ÉRIC ALLIEZ, philosopher, is a Professor at University of Paris 8 and at the Centre for Research in Modern European Philosophy, Kingston University (London). He has been visiting professor in many universities worldwide, including in Rio de Janeiro, Vienna, Warwick, Karlsruhe, Weimar, Oslo, and beyond. His publications in English include Wars and Capital (with M. Lazzarato, Semiotext(e), 2018), Undoing the Image: Of Contemporary Art (with J.-Cl. Bonne, 5 vol., Urbanomic, 2018), The Brain-Eye. New Histories of Modern Painting (with J.-Cl. Martin, Rowman and Littlefield International, 2017), Transdisciplinary Problematics (ed., Theory, Culture and Society, Special Issue, 2015), Spheres of Action: Art and Politics, (ed., with P. Osborne, Tate Publishing, 2013), The Guattari Effect (ed., London and New York: Continuum, 2011), The Signature of the World (Continuum, 2004), Capital Times (University of Minnesota Press, 1997, preface by G. Deleuze).
IVANA BAGO is an independent scholar and writer based in Zagreb. She recently earned her PhD at Duke University, with a dissertation titled “Inheriting the Yugoslav Century: Art, History, and Generation.” She is the co-founder (with Antonia Majaca) of Delve | Institute for Duration, Location and Variables (www.delve.hr), dedicated to the intersections of academic, artistic, and curatorial practice. She has published extensively – in academic journals, exhibition catalogues, artist monographs, and art magazines such as Artforum –
on contemporary art, including conceptual art, history of exhibitions and curating, performance, feminism, (post)Yugoslav art, and post-1989 art historiographies, and is a member of the editorial board of ARTMargins. Her curatorial projects include: Moving Forwards, Counting Backwards, MUAC, Mexico City, 2012; Where Everything is Yet to Happen, Spaport Biennale, Banja Luka, 2009/10; The Orange Dog and Other Tales, Zagreb, 2009; Stalking with Stories, Apexart, New York, 2007.
BRENNA BHANDAR is Reader in Law and Critical Theory at SOAS, University of London. She is author of Colonial Lives of Property: Law, Land and Racial Regimes of Ownership (DUP, 2018) and co-editor (with Jon Goldberg-Hiller) of Plastic Materialities: Politics, Legality and Metamorphosis in the Work of Catherine Malabou (DUP, 2015). She is currently completing a book (with Rafeef Ziadah) titled Revolutionary Feminisms: Conversations on Collective Action and Radical Thought (Verso, 2020).
SEÇIL BINBOĞA is a PhD candidate in the Architectural History and Theory Program at the University of Michigan. She is interested in relations between nature, space, and technology with a particular focus on the rural, environmental, and urban histories of the modern Middle East. Her dissertation research explores the scalar politics of spatial development and infrastructural modernization in Cold War Turkey.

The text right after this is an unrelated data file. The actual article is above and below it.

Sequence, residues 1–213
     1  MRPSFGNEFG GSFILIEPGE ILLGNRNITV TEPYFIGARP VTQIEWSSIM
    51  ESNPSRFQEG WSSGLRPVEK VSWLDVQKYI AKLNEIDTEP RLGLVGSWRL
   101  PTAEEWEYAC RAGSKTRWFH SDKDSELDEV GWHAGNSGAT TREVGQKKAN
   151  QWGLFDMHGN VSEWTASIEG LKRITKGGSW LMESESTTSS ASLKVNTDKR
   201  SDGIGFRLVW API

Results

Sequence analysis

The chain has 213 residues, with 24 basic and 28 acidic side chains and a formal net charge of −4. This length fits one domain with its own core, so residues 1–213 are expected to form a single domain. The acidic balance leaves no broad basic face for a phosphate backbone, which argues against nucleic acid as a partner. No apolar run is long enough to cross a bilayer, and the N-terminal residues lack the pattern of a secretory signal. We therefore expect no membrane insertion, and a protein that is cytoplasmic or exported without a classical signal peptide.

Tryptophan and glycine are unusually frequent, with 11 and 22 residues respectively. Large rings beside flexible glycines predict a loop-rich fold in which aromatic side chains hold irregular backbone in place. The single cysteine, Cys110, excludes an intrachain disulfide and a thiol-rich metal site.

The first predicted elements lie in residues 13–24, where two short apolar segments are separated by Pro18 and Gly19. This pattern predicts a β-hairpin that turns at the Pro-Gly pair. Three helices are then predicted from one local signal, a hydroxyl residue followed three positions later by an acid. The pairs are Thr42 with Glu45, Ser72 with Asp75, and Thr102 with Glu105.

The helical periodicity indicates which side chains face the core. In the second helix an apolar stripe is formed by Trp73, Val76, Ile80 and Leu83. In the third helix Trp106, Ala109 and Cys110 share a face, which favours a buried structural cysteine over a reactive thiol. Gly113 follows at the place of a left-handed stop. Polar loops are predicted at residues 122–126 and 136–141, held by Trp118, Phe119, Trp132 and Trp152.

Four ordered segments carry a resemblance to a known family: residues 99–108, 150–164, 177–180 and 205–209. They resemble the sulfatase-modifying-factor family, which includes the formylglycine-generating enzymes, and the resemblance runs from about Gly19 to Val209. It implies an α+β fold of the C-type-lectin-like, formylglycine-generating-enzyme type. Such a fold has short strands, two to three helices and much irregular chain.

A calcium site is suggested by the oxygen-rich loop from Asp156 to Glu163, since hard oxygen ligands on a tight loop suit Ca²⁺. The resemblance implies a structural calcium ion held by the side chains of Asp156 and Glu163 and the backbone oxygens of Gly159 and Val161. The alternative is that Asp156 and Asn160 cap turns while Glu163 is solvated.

VIRGINIA BLACK is an architect and visual ethnographer
whose research is sited at the intersection of bodies, the environment, and memory. Her current work is situated between New York and Ecuador, where she collaborates with AMUPAKIN,
an indigenous women’s midwifery. She received FLAS Fellowships in 2013, 2014, and 2015 to study Quechua and Kichwa. She has taught at Pratt, Parsons, Barnard, Columbia, and NYCCT. Virginia has worked for Arthur Ross Architecture Gallery and for a number of architecture design firms, including Maison Édouard François (Paris) and VolumeOne and AKOAKI (Detroit). She holds an M.S. in Critical, Curatorial and Conceptual Practices in Architecture from Columbia University, an M.Arch from the University of Michigan, and a B.Arts in architecture and modern languages from Clemson University. Black is the co-founder of the award-winning feminist architecture collaborative, a three woman enterprise exploring issues surrounding the spatial politics and technologized relations of bodies and subjects. Their projects traverse theoretical and activist registers to locate new forms of architectural work through critical relationships with collaborators across the globe.
ERAY ÇAYLI, PhD (University College London, 2015), studies the material and spatial legacies of political violence in Turkey anthropologically. His current research is on how these legacies shape and are shaped by contemporary imaginaries of disaster and resilience. Eray is Leverhulme Trust Early Career Fellow (2018-21) at the London School of Economics and Political Science where he also teaches the postgraduate course ‘Imaging Violence, Imagining Europe’. He is currently completing a monograph titled The Violence of Commemoration: Turkey’s Architecture of ‘Confronting the Past’, guest-editing a special journal issue themed ‘Field as Archive / Archive as Field’, and co-editing the volume Architectures of Emergency in Turkey: Heritage, Displacement, Catastrophe. Eray is a co-founder of Amed Urban Workshop, an independent academy for critical spatial research based in the city of Amed (officially known as Diyarbakır) in Turkey’s Kurdistan, where he also undertook a residency at the artist-run space Loading in summer 2019.
DOPLGENGER is an artist duo Isidora Ilić and Boško Prostran from Belgrade. Doplgenger engages as a film/video artist, researcher, writer and curator. The work of Doplgenger deals with relation between art and politics through exploring the regimes of moving images and modes of its reception. They rely on the tradition of experimental film and video and through some of the actions of these traditions intervene
on the existing media products or produce in the expanded cinema forms. Their work has been shown internationally at institutions such are the Museum Wiesbaden, Kunstmuseum Bonn, Centre Pompidou in Paris, Stedelijk Museum Bureau Amsterdam, Osage Gallery in Hong Kong, Museum of Contemporary Art in Zagreb etc. Films of Doplgenger have been screened and selected for the film festivals like International Film Festival Rotterdam, Seattle International Film Festival, Kassel Documentary Film and Video Festival, Cairo Video Festival, Festival des cinémas différents et expérimentaux de Paris, Festival Images Contre Nature in Marseille, among others. Doplgenger is the recipient of Serbian Politika Award for Best Exhibition in 2015.